Despite the lack of a gripping plot or heavy emotional performance, “Aria” stands on its own as a momentary Venice-like vacation anime.
And like Venice, the main characters paddle gondolas through the city of Neo-Venezia. It was formerly Mars, but thanks to modern technology, the planet was flooded and terraformed with loads of ocean water. Thus, it’s not Mars–it’s a oceanic paradise.
And the atmosphere is almost too beautiful to pass up. So beautiful, that the series almost completely forgets about the plotline. But the background artwork and character designs are so wonderful that this series doesn’t really need a plot to succeed.
Technically, the main character, Akari Mizunashi, is training to become an Undine, which is a professional gondolier and goddess. However, she spends more time relaxing and telling lovely tales about how Aqua was formed from the immense floodwaters. She also spends plenty of time relaxing with her friends–including the blunt and competitive Aika Grandzchesta and the shy prodigy Alice Caroll.
They’re supposed to be working for competitive gondolier companies. Akari works for the Aria Company, Aika works with the Himemiya Company and Alice with the Orange Planet. If they really are competitors, though, they really don’t act like it. After all Akari, Aika and Alice all end up befriending each other. Even their superiors, Alicia, Akira and Athena act more like old companions rather than squabbling executives.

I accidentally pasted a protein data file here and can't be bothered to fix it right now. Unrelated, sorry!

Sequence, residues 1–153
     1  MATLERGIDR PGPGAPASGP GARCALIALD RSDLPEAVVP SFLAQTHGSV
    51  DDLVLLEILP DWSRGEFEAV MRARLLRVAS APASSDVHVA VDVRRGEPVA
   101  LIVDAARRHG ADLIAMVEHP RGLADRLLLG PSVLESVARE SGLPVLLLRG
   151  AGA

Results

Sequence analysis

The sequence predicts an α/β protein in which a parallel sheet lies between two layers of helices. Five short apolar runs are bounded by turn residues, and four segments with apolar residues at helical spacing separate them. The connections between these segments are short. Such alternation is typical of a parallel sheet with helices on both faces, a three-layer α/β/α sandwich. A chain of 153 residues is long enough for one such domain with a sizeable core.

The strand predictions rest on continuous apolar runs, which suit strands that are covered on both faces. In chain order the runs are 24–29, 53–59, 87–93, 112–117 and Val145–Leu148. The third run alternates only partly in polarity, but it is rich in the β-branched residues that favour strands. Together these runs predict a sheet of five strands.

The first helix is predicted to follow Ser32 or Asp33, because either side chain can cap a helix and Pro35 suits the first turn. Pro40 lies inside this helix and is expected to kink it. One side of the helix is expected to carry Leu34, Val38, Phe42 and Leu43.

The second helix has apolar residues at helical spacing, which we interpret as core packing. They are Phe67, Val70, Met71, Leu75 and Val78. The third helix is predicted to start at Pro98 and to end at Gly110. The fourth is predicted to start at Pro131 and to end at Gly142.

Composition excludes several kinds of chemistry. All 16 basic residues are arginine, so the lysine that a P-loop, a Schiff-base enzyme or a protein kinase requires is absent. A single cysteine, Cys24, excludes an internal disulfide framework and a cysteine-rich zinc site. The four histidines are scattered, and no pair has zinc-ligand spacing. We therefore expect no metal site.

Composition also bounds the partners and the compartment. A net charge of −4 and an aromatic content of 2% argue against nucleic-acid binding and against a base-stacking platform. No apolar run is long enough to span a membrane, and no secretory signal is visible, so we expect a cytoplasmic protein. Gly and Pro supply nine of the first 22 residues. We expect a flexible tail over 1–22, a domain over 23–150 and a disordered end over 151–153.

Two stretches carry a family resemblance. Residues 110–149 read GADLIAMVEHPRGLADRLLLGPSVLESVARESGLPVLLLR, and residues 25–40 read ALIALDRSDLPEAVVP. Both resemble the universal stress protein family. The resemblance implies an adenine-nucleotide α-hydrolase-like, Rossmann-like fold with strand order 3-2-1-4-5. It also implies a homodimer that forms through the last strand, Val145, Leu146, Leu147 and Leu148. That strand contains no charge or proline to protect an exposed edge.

To give a sense of how relaxing this anime is, Akari spends the first episode taking a the young, fussy girl, Ai, on a tour through Neo-Venezia. Ai spends most of her time complaining about how boring the trip is, but Akari’s optimism cheers her up as she continues through the tour. When Akari runs into Ai, the two spends time quizzing each other about the history of Neo-Venezia. Near the end, the cut Aria Company’s cat and mascot, President Aria Pokoteng, drifts off into the ocean. Thankfully, Akari’s superior, Alicia, sails by on a gondolier to save the little guy.
This anime is filled with so many cute characters and so much gorgeous scenery that it doesn’t need to have a plot. “Aria” might be the best utopian vacation that anime fans may ever have. Near the end, however, director Junichi Sato gives us some of the most beautiful anime scenes I’ve ever seen. Anime fans get to watch the Akari, Aika and Alice travel to the countryside to meet lovable Grandma Akino, the mother of all Undines. The three Undine mentors, Alicia, Akira and Athena, also tell their trainees how they first met and trained together.
But the most surreal sequences take place in the end of the series, when Akari literally crosses an old bridge that takes her through another dimension. In fact, in the dazzling final episode, Akari meets up with some cats who could very well be Aria’s spirits from long ago.
It’s a wonderful series with hot springs, snow bugs, intense gondola training sessions and reflective, nostalgic scenes of tranquil oceans and ethereal landscapes. Sure, it’s a fantasy series, but it sure is one of the most beloved fantasy series ever seen–surpassing all other shojo series with the best visual landscapes to grace an anime.
Image courtesy of rightstuf.com